Me: Oh good! I mean, yeah, well it wasn’t angry or violent or anything. What I mean is, when can I come meet with you?

Tax Guy 3: How about next Tuesday at 10? Bring your tax returns for the last two years and all of the financial information about the rental property.

I met with Tax Guy 3 yesterday. He laid it all out for me. He also explained that many CPAs won’t touch these situations because the information is so complicated and difficult to understand. They don’t want to be held liable for a situation they don’t have a handle on. After all of that drama to even find him, it was amazing to me that he sat down and had actual concrete answers for me. The picture he painted wasn’t perfectly rosy, but just having the information has been such a relief to me. It makes me wonder how many of my clients have gone through a similar ordeal in trying to research their own situations. As their Realtor, I can help with the potential scenarios about the process of actually selling the property, but for legal and tax implications I tell them to contact an attorney and a CPA. I had no idea just finding one who could help would be this difficult.

The point of all of this is, I want to throw a shout out to Tax Guy 3, Tim Walch (my blog is incredibly influential, you know. There are literally tens of people I’m not related to who read it regularly). I appreciated his help and guidance more than I can tell him. I will refer him to all of my clients. Call him if you need advice. Tim Walch, 480-557-0561.

16 Responses to A Short Sale, From the Inside

  1. Great blog Liz, I always enjoy reading it.

    • Hey KJ, you don’t do stuff like this, do you? I totally would have called you if I thought you did!

  2. Tell Tim Walch that he just went in the virtual rolodex of a complete stranger.

  3. Well? What did he say? You should email us and update us, since we, god forbid, are weighing our options as well. and conveniently enough your tax guy #1 did not call Karl back either. HUH!

  4. So, what are the options? I’m sure it being an investment property makes it even more complicated. Especially if you have a second mortgage on it. A friend of mine attempted to short sale on his investment properties (he had four) and ended up just having to declare BK (not trying to tempt fate here – fate eat Elizabeth’s cookies). Nasty situation with four lenders threatening to sue and garish wages.

    • Yeah, it is complicated. And we have a HELOC. So basically if the short sale works and the bank allows it, I will end up paying income tax on the forgiven amount on the HELOC. Which will be a pretty penny. But still like 1/5 of the HELOC amount (which I pay $400/month on above and beyond what I’m getting in rent on the property and that’s just for interest, so it’s never getting any smaller) and I can be put on a payment plan with the IRS and hopefully get it all paid off within a couple of years.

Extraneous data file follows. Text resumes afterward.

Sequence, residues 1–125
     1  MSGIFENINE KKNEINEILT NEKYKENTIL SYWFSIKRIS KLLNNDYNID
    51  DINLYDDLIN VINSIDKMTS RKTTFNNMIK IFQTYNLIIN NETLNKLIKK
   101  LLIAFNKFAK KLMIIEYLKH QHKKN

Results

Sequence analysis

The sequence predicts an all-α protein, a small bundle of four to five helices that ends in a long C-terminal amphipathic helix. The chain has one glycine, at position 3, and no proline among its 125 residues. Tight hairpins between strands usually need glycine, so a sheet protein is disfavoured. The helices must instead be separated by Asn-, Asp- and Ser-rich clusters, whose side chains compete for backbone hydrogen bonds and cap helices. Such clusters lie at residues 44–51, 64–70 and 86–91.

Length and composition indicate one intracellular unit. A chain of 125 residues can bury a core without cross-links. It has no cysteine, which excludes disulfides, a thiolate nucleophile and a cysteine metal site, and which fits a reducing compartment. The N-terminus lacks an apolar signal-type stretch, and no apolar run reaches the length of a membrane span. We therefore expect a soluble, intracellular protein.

Luckily, it sounds like my bank (Wells Fargo) will allow me to attempt the short sale without getting behind on my mortgage. So I can try it and if it’s declined then I can reconsider my options (continuing to rent it and hemorrhage money or some kind of BK) from there.

  5. If it were me, I’d drop Tax Guy #1 in favor of Tim Walch for my regular tax work too.

  6. I just heard on a local radio show the other day that if someone is thinking short sale they might want to get on it because the law Bush put through in 2007 to forgive the balance ends in 1012. Now, I don’t know if that was the part where the mortgage company can’t come after you for the difference once they’ve agreed to let you sell it for less than the mortgage owed or if it was to prevent you being taxed on the forgiven amount.
    Good luck and keep us posted Mini.

  7. Good luck, I attempted to work with a bank while mostly current. A year later and 3 days from foreclosure they finally were able to “consider my offer”. Common sense has no place in the banking world!

  8. You and your readers considering short selling a rental property might also want to contact an attorney who specializes in this arena, to see if there’s any way around that tax bill.

    I’ve used Scottsdale Law Group and another agent in our mutual office uses Thomson Law.

  9. I love tax guy #3. And your willingness to explain why you are doing this. You are among so many in our country who are going through this. I appreciate your tenacity and transparency.

  10. Sorry to hear you guys are having to do this, but makes no sense to carry that burden when it’s tough enough raising a family and making ends meet. Great that you shared, great info and will be putting tax guy number 3 in my roladex too.

  11. Tax implications suck, but when you compare it on paper to the 15 years of paying just to get back to even when properties only go up 3% a year… it is usually no contest

  12. Here is a link to the Debt Forgivness act

    http://www.irs.gov/individuals/article/0,,id=179414,00.html

    Key things to note:

    If you cashed out during a refinance that money is not covered in the debt cancelation:
    Does the Mortgage Forgiveness Debt Relief Act apply to debt incurred to refinance a home?
    Debt used to refinance your home qualifies for this exclusion, but only to the extent that the principal balance of the old mortgage, immediately before the refinancing, would have qualified. For more information, including an example, see Publication 4681.

    You have to pay income taxes on an investment property:
    Can I exclude debt forgiven on my second home, credit card or car loans?
    Not under this provision. Only cancelled debt used to buy, build or improve your principal residence or refinance debt incurred for those purposes qualifies for this exclusion. See Publication 4681 for further details.

    Hope this helps.

Leave a Reply

Your email address will not be published. Required fields are marked *

You may use these HTML tags and attributes: <a href="" title=""> <abbr title=""> <acronym title=""> <b> <blockquote cite=""> <cite> <code> <del datetime=""> <em> <i> <q cite=""> <s> <strike> <strong>

Facebook comments: